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Stillbirth, or late fetal death, is defined by the WHO as a child born with no signs of life and a birth weight of 1000 g or more, a gestational age of 28 weeks or more, or a length of 35 cm or more.1 It is estimated that 2.6 million children worldwide were stillborn at 28 weeks or more in 2015, primarily in low-income and middle-income countries.2 Half of the stillbirths occur during labour and congenital abnormalities account for less than 10% of stillbirths.2 Stillbirth is an important, yet poorly understood, adverse outcomes of pregnancy. The large geographical variation suggests that the majority of stillbirths are preventable.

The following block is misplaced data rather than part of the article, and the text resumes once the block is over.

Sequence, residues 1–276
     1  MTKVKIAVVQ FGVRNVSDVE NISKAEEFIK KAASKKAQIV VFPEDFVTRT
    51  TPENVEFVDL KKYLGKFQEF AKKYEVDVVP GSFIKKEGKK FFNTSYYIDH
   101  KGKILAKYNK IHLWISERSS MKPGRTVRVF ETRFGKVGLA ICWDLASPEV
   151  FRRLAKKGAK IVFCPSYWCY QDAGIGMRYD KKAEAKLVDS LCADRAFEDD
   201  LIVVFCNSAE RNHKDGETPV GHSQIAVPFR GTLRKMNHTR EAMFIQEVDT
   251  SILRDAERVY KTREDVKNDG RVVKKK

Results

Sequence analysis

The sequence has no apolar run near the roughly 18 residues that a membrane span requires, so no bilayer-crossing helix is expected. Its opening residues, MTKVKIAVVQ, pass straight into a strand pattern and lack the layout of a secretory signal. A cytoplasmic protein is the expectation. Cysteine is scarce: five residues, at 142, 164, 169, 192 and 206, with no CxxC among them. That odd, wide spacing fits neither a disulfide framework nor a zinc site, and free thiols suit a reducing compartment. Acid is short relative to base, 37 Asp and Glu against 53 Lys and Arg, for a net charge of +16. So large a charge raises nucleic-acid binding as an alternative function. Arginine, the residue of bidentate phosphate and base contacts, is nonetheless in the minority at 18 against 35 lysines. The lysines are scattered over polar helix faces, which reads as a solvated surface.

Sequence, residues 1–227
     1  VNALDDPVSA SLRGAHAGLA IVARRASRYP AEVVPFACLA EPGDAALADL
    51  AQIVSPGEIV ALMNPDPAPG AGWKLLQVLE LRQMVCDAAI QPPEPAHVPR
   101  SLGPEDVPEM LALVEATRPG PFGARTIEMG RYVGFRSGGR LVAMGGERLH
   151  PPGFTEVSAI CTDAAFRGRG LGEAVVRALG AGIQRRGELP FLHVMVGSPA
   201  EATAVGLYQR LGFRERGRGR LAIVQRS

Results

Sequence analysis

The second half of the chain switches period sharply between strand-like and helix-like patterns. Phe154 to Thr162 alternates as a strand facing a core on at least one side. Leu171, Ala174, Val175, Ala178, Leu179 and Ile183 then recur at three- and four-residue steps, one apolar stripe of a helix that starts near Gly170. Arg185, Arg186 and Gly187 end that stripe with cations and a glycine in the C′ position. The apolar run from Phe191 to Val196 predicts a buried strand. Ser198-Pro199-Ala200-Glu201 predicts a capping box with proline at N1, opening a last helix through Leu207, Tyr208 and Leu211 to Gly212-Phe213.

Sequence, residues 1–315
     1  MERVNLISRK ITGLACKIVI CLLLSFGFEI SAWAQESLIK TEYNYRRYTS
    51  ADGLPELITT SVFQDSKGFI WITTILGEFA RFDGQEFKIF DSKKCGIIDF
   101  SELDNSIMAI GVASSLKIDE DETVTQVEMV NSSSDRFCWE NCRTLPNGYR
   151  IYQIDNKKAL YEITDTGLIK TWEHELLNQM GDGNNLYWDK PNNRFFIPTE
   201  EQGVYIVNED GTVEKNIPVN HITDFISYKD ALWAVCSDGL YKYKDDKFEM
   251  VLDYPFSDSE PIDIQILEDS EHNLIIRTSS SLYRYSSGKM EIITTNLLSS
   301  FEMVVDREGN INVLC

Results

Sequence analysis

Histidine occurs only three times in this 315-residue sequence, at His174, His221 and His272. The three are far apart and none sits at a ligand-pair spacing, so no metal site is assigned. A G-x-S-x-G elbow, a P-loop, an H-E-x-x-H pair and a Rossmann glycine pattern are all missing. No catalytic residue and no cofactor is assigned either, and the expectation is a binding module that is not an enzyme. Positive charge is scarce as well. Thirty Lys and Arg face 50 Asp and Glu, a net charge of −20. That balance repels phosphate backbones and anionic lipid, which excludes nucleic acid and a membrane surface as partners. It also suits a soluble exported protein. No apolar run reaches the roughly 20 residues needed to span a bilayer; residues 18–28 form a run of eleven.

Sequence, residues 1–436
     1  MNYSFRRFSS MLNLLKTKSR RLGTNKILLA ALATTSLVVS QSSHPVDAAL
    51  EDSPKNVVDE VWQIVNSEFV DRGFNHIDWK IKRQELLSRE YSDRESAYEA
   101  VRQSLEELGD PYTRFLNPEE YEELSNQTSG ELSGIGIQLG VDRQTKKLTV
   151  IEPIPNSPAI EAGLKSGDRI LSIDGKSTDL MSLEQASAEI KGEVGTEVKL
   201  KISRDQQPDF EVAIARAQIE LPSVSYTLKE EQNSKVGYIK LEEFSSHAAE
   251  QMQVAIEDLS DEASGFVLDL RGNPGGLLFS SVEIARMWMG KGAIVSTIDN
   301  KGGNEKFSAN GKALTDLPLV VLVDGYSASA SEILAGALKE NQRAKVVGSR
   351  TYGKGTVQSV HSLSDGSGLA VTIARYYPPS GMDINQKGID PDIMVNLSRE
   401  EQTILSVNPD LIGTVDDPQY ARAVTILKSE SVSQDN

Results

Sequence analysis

In this issue of Occupational and Environmental Medicine, Siddika et al3 reviewed 13 original epidemiological studies that addressed the question of whether maternal exposure to ambient air pollution triggers stillbirth. They conducted a meta-analysis to summarise the existing evidence, and reported evidence of an association between exposure to ambient air pollution and elevated risk for stillbirth. A 4 μg/m3 increase in exposure to particulate matter (PM) with a diameter of less than 2.5 μm (PM2.5) during pregnancy was associated with an increased risk of stillbirth (summary OR 1.02, 95% CI 1.00 to 1.05; 17 033 cases).3 Differences in design and pollutants assessed precluded all 13 studies to be meta-analysed, and thus their analysis was based on only two or three large register-based studies from the USA or Asia. Exposure to other routinely monitoring air pollutants, including nitrogen dioxide …
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